6. Your house should have extra information available in a notebook on a table for people to peruse. Tell us it has a new furnace, new roof, new plumbing - whatever. Those things will matter to a buyer. That cozy house I mentioned earlier had that, and we spent some time looking through it. If mom had wanted a new home with an open floor plan, that definitely would have swayed us in its favor, as all of the information was favorable.

7. Your house needs a real estate agent who is available. This doesn't come from this go-round of house shopping. Eight years ago, when we were moving to Indiana, we wanted to see a particular house, but the real estate agent was not available on weekends. If your agent doesn't work weekends, you don't need them. That's just plain idiotic. That's when most people house-shop, so your agent needs to be available.

So, now that I'm done with my little rant, tell me your rules. What do you think are the dos and don'ts of showing your house?


  1. If you have pets, the people looking at your house shouldn't instantly know it. Keep a clean litter box, deodorize, keep furniture free of pet hair, and for goodness sake, make sure there's a clear walking path through the yard.

    Along with keeping the house free of junk, your basement, garage, and workshop should also be clean and organized.

    When I was house-hunting, I found that lighting was important. Open those heavy drapes and let some light in. And if you have the chance, turn on any accent lighting before people visit.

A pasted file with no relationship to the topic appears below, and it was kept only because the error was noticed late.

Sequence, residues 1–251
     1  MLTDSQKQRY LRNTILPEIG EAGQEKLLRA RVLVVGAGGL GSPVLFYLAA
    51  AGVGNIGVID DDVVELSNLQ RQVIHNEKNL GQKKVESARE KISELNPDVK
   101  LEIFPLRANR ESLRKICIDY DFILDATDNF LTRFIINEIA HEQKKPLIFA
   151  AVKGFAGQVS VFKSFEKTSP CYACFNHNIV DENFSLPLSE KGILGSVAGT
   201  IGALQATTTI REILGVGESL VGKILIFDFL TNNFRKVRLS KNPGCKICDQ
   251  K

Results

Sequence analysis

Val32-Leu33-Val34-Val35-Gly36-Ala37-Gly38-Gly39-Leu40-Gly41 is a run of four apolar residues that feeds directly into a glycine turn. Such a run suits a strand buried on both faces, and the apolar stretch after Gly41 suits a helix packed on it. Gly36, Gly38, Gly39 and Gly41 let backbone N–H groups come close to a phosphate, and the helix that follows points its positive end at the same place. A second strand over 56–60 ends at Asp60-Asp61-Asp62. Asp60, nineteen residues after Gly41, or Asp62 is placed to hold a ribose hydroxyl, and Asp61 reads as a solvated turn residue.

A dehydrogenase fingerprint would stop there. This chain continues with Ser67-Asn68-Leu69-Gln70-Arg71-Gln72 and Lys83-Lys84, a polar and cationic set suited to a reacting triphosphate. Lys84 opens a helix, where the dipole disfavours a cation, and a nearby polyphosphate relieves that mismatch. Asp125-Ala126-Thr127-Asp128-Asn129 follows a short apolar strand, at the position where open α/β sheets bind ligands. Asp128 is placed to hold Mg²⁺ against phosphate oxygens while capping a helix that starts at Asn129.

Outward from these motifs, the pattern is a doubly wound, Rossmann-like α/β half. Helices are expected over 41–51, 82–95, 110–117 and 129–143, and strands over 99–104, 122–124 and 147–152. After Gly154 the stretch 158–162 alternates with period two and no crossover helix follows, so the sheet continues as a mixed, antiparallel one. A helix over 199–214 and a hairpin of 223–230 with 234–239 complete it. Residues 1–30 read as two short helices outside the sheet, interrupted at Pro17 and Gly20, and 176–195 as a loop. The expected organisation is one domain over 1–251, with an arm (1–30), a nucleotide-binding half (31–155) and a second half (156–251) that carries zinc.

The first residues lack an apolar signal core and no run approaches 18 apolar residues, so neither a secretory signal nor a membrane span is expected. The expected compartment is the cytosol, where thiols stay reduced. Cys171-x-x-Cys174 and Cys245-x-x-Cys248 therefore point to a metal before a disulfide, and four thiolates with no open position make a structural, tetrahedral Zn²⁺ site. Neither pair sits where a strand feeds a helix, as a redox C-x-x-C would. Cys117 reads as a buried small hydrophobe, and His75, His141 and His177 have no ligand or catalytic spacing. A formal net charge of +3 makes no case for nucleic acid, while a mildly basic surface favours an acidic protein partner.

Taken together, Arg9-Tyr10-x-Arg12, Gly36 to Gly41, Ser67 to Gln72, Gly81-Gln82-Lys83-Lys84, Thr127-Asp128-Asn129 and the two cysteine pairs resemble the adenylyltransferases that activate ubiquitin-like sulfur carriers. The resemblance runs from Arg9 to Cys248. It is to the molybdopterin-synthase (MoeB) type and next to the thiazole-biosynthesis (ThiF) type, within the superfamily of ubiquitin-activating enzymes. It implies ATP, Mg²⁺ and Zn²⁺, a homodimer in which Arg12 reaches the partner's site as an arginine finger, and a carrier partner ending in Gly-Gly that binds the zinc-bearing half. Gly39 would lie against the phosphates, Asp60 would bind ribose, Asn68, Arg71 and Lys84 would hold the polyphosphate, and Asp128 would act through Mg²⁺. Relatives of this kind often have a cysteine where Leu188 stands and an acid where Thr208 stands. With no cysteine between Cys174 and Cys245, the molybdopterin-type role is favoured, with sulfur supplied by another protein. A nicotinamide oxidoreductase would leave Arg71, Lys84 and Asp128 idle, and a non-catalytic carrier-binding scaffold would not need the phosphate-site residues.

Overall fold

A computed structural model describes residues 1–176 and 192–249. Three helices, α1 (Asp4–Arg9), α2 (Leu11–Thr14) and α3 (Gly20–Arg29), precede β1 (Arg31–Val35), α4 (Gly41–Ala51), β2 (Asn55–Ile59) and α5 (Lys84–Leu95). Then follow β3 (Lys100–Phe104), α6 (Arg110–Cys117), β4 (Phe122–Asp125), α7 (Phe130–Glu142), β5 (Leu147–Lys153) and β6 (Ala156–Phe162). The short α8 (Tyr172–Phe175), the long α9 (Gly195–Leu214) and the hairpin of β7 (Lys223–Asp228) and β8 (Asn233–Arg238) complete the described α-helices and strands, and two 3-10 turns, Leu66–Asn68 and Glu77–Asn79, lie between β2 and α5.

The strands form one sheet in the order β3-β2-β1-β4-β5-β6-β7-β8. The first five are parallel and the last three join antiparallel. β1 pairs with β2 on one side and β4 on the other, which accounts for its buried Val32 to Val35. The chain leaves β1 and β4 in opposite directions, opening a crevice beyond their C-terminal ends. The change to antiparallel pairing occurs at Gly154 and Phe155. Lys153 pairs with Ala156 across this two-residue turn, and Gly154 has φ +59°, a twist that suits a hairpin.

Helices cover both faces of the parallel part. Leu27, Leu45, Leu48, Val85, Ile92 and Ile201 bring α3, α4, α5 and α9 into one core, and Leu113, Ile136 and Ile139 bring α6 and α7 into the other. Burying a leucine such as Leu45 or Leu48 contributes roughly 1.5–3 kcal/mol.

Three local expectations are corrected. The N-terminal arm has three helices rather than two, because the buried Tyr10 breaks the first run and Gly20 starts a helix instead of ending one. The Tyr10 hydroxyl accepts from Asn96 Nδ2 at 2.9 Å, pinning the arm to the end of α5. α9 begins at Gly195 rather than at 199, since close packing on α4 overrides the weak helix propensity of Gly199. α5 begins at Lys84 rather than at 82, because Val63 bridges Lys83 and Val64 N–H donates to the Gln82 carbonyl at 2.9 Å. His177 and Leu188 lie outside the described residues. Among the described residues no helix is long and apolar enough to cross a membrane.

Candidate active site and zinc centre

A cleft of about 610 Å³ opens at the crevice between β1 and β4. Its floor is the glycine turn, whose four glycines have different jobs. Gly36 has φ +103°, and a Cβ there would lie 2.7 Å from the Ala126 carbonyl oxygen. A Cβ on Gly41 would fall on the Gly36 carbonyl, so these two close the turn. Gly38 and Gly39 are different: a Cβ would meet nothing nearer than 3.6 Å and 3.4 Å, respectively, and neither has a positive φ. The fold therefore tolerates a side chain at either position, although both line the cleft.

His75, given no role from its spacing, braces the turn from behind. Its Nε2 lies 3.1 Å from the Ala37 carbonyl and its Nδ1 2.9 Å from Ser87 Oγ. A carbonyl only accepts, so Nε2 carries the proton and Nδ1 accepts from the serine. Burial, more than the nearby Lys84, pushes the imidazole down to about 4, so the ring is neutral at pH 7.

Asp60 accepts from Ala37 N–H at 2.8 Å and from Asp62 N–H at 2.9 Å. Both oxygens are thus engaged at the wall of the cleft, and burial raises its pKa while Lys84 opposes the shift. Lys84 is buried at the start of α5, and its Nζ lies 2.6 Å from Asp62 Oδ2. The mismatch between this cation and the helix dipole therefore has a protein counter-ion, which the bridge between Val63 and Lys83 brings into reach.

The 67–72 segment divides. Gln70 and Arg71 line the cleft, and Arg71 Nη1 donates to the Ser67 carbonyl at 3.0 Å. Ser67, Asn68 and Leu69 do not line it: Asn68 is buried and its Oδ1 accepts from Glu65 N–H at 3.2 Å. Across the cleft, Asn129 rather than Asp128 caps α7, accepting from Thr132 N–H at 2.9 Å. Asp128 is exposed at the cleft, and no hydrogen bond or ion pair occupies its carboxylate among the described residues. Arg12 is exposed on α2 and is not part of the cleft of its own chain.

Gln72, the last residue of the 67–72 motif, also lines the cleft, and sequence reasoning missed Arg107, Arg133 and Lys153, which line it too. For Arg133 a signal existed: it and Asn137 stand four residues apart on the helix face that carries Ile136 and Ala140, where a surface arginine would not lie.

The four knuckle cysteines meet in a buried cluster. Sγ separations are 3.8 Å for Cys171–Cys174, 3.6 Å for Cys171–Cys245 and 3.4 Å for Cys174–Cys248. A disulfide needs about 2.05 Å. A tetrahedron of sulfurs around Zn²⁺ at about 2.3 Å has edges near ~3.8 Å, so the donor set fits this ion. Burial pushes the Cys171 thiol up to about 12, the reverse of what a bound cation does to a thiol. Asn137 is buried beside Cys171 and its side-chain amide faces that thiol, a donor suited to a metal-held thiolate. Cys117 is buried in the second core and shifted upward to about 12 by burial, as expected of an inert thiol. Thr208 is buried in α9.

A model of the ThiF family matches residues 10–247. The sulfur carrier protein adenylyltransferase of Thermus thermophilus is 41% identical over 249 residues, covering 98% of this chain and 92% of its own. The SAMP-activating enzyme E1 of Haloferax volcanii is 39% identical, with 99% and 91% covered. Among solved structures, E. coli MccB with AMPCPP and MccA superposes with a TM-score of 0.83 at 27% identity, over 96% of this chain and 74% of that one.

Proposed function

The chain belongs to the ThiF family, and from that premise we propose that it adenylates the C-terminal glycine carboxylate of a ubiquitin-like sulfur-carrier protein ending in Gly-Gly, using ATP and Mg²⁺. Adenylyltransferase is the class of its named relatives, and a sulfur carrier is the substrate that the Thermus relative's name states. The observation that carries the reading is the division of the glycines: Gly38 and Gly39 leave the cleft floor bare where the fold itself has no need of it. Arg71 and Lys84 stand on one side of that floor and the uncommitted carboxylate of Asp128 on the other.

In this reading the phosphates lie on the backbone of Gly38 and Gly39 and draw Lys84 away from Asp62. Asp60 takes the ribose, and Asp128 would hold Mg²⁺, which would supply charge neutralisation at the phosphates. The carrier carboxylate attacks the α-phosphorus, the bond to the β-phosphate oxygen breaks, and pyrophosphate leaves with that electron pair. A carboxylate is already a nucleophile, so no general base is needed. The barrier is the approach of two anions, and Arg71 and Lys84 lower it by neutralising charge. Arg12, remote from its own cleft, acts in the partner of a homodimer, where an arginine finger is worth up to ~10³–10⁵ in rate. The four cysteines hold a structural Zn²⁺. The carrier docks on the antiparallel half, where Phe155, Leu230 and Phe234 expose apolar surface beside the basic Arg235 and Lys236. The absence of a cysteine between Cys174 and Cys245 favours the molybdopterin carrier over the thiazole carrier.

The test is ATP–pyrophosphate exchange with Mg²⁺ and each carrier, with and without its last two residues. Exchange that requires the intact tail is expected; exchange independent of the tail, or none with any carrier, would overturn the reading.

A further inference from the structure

2. This comment has been removed by the author.

  3. You're so right, Laura! No one wants a dark house. That's one of the things that keeps coming up when we discuss the houses we saw and compare them. And yes, basements, garage and workshop should be presentable, and agree with you on the pets.

  4. Having just been through the selling/buying process in the last few months, your rules are all spot-on. Every morning before leaving for work, I would open drapes/shades and make sure all was neat and tidy so that when the inevitable calls came "can I show your house at 2 pm today?" I could always say yes. We spent 2 months on moving extra stuff into storage and doing some small repairs before listing the house and sold it in 4 months. A great suggestion from our Realtor was to have a home inspection done before listing so we could take care of any problems on our terms. Then at contract time, the only issue that arose was one that we knew we hadn't addressed sufficiently, but wasn't a deal-breaker.

  5. One of the "big" things in large markets is "staging" where you hire an interior designer to arrange, accent, and de-clutter the home for showing. Studies show it can make a big difference in the price and length of time before sale.

  6. Lisa, thanks for your comment - I think you're doing things exactly right. Did your house sell?


Family Investment Center Videos